Sramana: Would you talk some about the CEO transition? When did you bring in Woody Hobbs?
Lukas Biewald: We brought him in a couple of months ago. The business had grown and we were selling to bigger and bigger customers and were eyeing finance, healthcare, and other industries that I had no experience with. I felt like I was not the best possible person in the world to be CEO. Woody had been CEO of several companies and had sold one for over $500 million.
Sramana: How did you pick him?
Lukas Biewald: We had a search going for six months. We saw a lot of candidates who did not seem that exciting. He came in and loved the business we were doing. He had also run a company in Africa, so he had an interesting mix of experience that I did not have. The team is very fired up to have him. We know he can take our team to 1,000 people. Giving up control was a bit scary for me.
The thing that was the most important to me is that he really loved the company. That is how I have made all of my senior hires. CrowdFlower is not adding to his resume. He has run bigger companies in the past. He really believes in the mission that we are doing. It has made my life much less stressful.
Sramana: When you at your one million contributors, how much money does one individual make by working with CrowdFlower?
Lukas Biewald: By its very nature and size, our population has diverse metrics. There are a few people who do tons of work. The 95/5 rule would probably be the most applicable.
Sramana: Can people who invest and work hard via your platform make a living?
Lukas Biewald: It depends on which country they are living in. If they are living in a developing country, they can make a rather good living. In the U.S. it is part-time work. Sometimes it is a stay-at-home mom who wants some additional income. We have a lot of disabled people who have a hard time leaving the house. There is a wide range of motives for people who do this work. If we put up a job that is fun, it really increases people’s desire to do that job.
I feel that crowdsourcing has a wide range. I call what we do enterprise crowdsourcing because we do real work for enterprises. The fact is that all ranges of croudsourcing harness people’s desire to be productive. People all over the world share that desire and the Internet let’s people become productive members. Some people that work find it magical that they are able to make an impact by fixing a map. They are contributing to a greater portion of society. That is why we try so hard to show people the impact of what we do.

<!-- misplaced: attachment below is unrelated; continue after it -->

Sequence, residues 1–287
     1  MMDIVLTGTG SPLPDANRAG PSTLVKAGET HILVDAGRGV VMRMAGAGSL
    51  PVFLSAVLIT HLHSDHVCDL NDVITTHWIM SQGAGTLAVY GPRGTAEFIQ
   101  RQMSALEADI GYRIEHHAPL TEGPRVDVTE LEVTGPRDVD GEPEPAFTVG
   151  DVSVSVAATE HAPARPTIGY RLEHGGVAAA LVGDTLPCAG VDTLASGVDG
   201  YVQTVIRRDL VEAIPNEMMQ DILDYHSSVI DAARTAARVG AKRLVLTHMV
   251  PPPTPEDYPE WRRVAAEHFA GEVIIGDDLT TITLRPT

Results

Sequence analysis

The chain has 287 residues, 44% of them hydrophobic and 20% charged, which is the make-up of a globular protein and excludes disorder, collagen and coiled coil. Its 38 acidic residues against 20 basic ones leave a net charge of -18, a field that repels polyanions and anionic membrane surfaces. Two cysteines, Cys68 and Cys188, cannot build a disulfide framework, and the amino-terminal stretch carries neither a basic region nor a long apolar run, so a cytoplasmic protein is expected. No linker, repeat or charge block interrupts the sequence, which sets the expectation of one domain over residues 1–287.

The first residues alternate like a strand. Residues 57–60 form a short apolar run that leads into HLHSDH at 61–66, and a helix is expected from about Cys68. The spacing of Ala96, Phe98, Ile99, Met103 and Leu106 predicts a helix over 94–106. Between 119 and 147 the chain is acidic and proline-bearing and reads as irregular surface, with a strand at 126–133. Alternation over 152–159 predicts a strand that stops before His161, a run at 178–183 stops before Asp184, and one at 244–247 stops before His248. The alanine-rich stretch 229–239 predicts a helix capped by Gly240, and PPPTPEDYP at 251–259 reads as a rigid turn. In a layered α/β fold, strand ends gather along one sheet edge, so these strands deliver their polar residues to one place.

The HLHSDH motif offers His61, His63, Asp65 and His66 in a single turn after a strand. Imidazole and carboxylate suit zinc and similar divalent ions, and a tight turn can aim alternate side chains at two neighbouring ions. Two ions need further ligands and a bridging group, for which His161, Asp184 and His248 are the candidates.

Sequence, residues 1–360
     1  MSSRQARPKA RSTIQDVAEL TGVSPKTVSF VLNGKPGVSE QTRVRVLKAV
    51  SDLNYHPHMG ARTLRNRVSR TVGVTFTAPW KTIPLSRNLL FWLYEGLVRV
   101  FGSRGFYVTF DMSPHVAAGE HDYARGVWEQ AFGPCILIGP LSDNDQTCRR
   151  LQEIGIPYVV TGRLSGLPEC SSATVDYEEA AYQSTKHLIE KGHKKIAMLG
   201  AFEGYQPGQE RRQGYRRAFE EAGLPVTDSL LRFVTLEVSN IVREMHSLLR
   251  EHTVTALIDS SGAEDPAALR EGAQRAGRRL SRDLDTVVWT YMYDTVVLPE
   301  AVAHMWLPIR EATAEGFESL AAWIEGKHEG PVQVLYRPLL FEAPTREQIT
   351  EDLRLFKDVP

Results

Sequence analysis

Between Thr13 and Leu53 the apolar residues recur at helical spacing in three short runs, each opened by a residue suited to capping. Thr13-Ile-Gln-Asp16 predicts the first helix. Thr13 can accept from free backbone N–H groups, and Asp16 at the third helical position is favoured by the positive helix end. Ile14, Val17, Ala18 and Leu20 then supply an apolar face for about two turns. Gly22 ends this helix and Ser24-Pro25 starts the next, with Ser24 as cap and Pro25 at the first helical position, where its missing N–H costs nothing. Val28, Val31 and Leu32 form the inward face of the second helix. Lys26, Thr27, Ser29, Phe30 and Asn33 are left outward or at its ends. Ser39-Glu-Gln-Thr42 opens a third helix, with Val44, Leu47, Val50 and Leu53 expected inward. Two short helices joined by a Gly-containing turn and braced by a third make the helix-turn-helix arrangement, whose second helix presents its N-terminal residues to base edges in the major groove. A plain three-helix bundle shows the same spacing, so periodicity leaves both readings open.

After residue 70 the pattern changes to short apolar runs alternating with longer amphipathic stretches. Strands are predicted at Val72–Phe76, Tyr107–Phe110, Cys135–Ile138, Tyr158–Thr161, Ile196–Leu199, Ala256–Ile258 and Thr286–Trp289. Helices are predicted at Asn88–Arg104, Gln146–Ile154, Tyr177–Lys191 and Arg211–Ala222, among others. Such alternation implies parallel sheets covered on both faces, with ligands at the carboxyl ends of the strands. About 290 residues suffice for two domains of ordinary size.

When it comes to people, we also have to judge the quality of your work. If you are really bad, we will block you. However if you just get a couple items wrong every now and then we can handle that. We will tell you if we think you got it wrong and every now and then when we tell someone with an incredibly high accuracy score that we think they got it wrong they get incredibly mad. They will find my home phone number and call me up. My number used to be on the Internet because as an entrepreneur I wanted to be accessible. Some of my investors came in as cold calls. I had hide my phone number because I had so many calls starting to come in.
Sramana: I have a lot of interest in development economics. That is one of the reasons I started 1M/1M. I think it would be interesting for you to pair your enterprise contracts with developing economy organizations. Is that something you are seeing already?
Lukas Biewald: I love development economics as well. We have worked with Samasource. Leila and I have known each other since Samasource was one person and CrowdFlower was two people. It has been cool to watch the industry grow together. They worked out of our office for a while, and we send them work when it is appropriate.
We made an iPhone app together where we have people in the U.S. checking the work done in other countries to help our customers feel more comfortable about the quality. We did not pay the people in the U.S., we just used that to make the hourly rate higher. Giving people access to jobs is very powerful. I went with Leila to Haiti after the earthquake and helped with translation work. It was amazing for me to see how badly people wanted jobs. We had 80 people show up to jobs in suits and ties. When they were reading the instruction manuals and power went out, they pulled out their cell phones to keep reading the instruction manuals. Crowdsourcing is meritocratic. I hope as we grow we will continue to send more and more work.
Sramana: This has been a fantastic story. Congratulations, and best of luck as you press forward.